An exercise in futility


Our Transportation for America program has released a comprehensive report on why our default “solution” to traffic congestion—widening highways—simply does not work. The Congestion Con proves with data that one more expensive freeway lane most certainly will not solve congestion, and perhaps congestion is the wrong thing to be trying to solve in the first place.

Transportation

How bad land use and transportation decisions go hand-in-hand with “The Congestion Con”

In an expensive, decades-long effort to curb congestion in urban regions, our transportation agencies and elected leaders have overwhelmingly prioritized spending hundreds of billions of dollars to widen and build new highways. Yet this strategy has utterly failed to “solve” the problem at hand, and in many cases, has actually made it worse. The Congestion Con, a new report from our Transportation for America program, examines how and why, and in this post we look at how land use is right in the middle of it all.

Complete Streets DOT Innovation Economic development Transportation

How Washington State will be picking the right transportation investments for economic vitality

photos from a workshop on economic vitality
Washington is taking groundbreaking steps few other states have taken to match its transportation investments with statewide policy goals. We helped the state work with stakeholders to answer three key questions: what does economic vitality look like for the state, how does transportation impact the economy, and how do we measure that to guide decisions?

Transportation Uncategorized

How cities can reduce traffic instead of just ensuring more of it


A new approach to addressing the potential transportation impacts of new development in urban areas, outlined in a new report by our State Smart Transportation Initiative (SSTI), could be a powerful recipe for reducing the demand for driving, while helping create more prosperous transit- and pedestrian-friendly cities.

Economic development Transportation

Ask USDOT to #MakeMeCount this Bike to Work Day

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Don and his co-pilot asked USDOT to #MakeMeCount last week. Photo by @KostelecPlan.

This Friday, thousands of people across the country will put on their helmets and take to the streets for National Bike to Work Day, an annual event promoting active commuting options and safer streets.

Will you be joining the event? If so, make your ride even more impactful by telling USDOT to #MakeMeCount when it comes to measuring how well a street works.

Complete Streets

Feds get out of the way of communities that want to design safer, more complete streets

The Federal Highway Administration made two big moves this last week to clear the way for states, metro areas, and local communities to use federal dollars to design safer, more complete streets.

Both of these updates are great news for anyone advocating for streets that better meet the needs of everyone that uses them, as well as better serving the goals of the surrounding community. FHWA deserves a big round of applause for making these changes.

If you are working on a local transportation project and your DOT or some other agency cites vague federal rules when refusing to build a safe and complete street, show them the FHWA memo below. Their guidance makes it extremely clear: there’s wide latitude to design streets to best suit local needs, and old regulations that treat all roads like highways have been rolled back.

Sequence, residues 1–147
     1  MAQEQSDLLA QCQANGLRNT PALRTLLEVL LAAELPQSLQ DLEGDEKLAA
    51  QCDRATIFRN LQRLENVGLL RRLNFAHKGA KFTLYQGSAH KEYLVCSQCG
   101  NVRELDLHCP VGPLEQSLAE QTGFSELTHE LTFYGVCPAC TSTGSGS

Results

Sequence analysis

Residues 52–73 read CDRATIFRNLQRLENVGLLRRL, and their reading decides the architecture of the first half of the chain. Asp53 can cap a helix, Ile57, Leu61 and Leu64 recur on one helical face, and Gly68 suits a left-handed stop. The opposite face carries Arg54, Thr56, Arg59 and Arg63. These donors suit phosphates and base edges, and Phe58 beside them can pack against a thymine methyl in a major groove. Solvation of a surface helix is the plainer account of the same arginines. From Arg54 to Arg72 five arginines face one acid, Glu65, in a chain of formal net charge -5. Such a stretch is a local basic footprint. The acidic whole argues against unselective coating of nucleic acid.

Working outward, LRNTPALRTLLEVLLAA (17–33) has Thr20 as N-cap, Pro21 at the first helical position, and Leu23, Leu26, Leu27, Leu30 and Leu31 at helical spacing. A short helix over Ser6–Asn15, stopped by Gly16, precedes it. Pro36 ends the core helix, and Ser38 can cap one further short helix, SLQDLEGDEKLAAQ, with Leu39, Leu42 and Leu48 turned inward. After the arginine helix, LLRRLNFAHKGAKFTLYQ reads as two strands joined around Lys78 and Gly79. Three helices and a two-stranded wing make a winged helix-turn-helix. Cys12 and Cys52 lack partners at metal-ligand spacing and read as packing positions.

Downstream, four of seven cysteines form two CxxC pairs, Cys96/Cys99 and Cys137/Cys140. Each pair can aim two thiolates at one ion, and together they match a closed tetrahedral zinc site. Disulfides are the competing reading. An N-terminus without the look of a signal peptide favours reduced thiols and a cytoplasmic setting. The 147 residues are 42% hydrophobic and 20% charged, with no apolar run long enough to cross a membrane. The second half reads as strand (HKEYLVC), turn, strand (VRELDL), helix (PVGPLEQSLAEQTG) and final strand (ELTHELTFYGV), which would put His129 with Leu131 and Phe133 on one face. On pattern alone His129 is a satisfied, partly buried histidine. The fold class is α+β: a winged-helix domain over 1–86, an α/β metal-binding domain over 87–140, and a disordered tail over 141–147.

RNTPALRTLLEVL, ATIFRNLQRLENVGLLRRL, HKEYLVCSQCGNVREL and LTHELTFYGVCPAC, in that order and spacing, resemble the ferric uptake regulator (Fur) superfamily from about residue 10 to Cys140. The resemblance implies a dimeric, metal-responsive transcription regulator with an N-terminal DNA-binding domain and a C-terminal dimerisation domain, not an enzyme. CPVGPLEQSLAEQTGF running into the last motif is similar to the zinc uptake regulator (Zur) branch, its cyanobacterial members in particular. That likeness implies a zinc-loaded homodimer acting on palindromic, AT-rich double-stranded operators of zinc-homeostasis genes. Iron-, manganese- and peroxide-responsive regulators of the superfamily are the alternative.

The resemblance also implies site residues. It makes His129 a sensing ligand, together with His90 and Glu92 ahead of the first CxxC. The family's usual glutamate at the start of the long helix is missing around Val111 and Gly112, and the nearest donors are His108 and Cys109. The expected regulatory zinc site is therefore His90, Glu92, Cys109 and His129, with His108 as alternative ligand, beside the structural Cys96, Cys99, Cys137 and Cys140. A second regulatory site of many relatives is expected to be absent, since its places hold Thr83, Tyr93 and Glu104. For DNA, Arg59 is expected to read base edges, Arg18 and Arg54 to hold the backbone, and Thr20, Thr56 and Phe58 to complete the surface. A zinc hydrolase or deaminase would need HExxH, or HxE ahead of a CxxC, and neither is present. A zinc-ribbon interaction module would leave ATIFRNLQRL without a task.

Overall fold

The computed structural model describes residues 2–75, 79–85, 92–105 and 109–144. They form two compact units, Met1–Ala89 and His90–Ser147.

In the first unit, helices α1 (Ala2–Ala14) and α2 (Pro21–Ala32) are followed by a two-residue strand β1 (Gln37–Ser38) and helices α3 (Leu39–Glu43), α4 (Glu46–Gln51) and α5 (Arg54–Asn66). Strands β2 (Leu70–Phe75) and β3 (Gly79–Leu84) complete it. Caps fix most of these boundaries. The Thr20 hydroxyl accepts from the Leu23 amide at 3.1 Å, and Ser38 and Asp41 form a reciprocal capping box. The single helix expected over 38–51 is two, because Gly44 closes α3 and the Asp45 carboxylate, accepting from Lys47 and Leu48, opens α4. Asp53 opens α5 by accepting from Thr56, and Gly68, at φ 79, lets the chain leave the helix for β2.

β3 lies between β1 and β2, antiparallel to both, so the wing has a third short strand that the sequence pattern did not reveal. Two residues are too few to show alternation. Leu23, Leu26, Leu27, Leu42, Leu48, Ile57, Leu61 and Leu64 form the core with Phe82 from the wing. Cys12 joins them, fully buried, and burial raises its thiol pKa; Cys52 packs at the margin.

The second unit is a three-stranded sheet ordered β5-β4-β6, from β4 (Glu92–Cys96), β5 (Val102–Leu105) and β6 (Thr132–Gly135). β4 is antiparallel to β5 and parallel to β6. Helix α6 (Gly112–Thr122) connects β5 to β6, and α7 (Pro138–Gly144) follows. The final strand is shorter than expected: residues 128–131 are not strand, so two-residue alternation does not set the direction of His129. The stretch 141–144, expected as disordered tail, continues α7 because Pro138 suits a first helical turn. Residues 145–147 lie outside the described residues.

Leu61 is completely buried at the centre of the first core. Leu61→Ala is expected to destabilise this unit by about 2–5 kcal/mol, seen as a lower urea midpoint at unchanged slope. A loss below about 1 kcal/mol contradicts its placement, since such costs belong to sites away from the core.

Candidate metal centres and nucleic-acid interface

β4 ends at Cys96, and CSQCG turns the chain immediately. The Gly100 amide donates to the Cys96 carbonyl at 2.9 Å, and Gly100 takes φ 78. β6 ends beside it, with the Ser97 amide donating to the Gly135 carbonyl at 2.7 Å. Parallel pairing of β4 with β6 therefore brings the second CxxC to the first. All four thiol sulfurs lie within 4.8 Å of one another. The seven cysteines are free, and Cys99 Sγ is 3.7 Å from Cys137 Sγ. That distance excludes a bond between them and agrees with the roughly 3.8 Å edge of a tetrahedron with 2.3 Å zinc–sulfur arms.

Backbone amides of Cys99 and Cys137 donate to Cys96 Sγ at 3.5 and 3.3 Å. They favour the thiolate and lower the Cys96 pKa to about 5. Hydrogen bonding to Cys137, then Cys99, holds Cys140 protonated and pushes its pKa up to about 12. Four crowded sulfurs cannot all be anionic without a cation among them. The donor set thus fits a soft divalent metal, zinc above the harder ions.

Complete Streets

Tell USDOT that #WeAllCount

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If someone takes the bus to work, and no one is around to count them, do they still matter?

We say yes, but the U.S. Department of Transportation seems to disagree.

Last week, USDOT issued a draft rule that will govern how states and metro areas will have to measure and address congestion, along with freight movement and emissions. These new requirements will help measure what America’s transportation dollars are actually buying us—which is great. 

However, the rule as it is currently written would measure success in outdated ways. Using old measures will lead to the continued use of outdated strategies, such as prioritizing fast driving speeds above all other modes of transportation and their associated benefits.

Complete Streets

Listen to market demand, says The Economist's Ryan Avent

To create jobs, drive innovation, attract talent and keep housing costs affordable, American cities would be right to address the growing demand for smart growth development, says The Economist’s Ryan Avent in a recent interview with Silicon Valley Leadership Group CEO Carl Guardino.

“Well, my tendency as an economist, working for The Economist, my inclination is to say build with what the market will demand,” Avent says. “And so that’s why I think we have a great opportunity here, because what the market is increasingly demanding are homes that are within walking distance of job centers.”

Avent, a resident of Arlington, VA, and the author of The Gated City, emphasized that in building with market demand in mind, it’s also crucial to change common misperceptions about density. In his book, Avent uses the phrase “hogs stacked on hogs” to describe what makes people afraid of added housing units. The realities of increased density, however, are radically different and the addition of in-demand housing options contributes to robust regional economic growth.

“If you think about the sort of density that might work, if it builds around transit and a walkable environment, you don’t add a lot of the downsides that are typically associated with density, like congestion,” Avent says. “When you build in a sprawling pattern and force people into cars, that’s what actually causes congestion.”

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